Friday Book Chats: My Favorite Contemporary Literary Fiction

As part of my Book Chat I’ve decided to share some of my all-time favorite books in different genres.  Contemporary literary fiction is sort of a mouthful as far as a genre goes so let me clarify – these are adult fiction books that have been written in the past 20 years or so and that are highly literary in style. These are the types of books that win major literature prizes and awards, but are still deeply engaging. Many of these books are a bit slower-paced, written with careful attention to the language, the character development, the tone, and the greater themes rather than being primarily plot-driven. These are the kinds of books that might take a bit longer to get into, but will stay with you forever.

Disclaimer: my book recommendations may contain language, sexual content, or (non-gratuitous) violence. I don’t discount books based on those things if I think they serve a purpose or don’t detract from the overall impact of the book. If you have specific questions about the content of a particular book, I’d be happy to answer them!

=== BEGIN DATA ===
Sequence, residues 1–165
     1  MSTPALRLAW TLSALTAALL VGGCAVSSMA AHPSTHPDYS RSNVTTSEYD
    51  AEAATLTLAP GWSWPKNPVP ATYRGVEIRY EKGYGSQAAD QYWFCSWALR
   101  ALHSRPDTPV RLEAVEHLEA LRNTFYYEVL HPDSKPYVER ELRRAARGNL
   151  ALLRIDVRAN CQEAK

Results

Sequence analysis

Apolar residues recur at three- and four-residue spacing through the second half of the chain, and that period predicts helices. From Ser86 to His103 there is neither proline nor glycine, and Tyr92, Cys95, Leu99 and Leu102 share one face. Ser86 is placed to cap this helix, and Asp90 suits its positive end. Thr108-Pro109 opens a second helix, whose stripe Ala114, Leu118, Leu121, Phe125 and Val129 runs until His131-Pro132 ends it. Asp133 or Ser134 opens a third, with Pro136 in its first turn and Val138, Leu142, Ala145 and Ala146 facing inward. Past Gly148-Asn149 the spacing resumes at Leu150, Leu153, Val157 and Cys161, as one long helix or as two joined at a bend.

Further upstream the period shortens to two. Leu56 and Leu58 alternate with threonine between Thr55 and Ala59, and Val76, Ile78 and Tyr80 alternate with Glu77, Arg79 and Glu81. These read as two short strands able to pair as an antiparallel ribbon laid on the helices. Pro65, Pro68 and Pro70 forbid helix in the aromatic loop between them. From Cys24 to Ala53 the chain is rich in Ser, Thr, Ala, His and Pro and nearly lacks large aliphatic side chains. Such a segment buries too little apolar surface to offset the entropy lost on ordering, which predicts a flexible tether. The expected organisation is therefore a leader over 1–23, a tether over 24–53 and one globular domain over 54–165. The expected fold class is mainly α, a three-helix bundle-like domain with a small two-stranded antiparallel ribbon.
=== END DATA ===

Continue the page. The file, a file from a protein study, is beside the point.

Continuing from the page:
As always, there is a list of current Kindle sales on books I recommend at the end of this post.

Peace like a River Peace Like a River by Leif Enger. This book is narrated by 11-year-old Reuben Land who is traveling with his father Jeremiah and his sister Swede through the Dakota Badlands in search of his fugitive brother, Davy, wanted for killing two men who were terrorizing his family. The true hero of this story is the father, Jeremiah, an Atticus-Finch-like character who is known for a faith so devout he’s been rumored to produce miracles. This is a book about family and faith, about unseen spirituality and maybe even magic that hides itself in ordinary places. And, of course, it is about love. This book is stunning.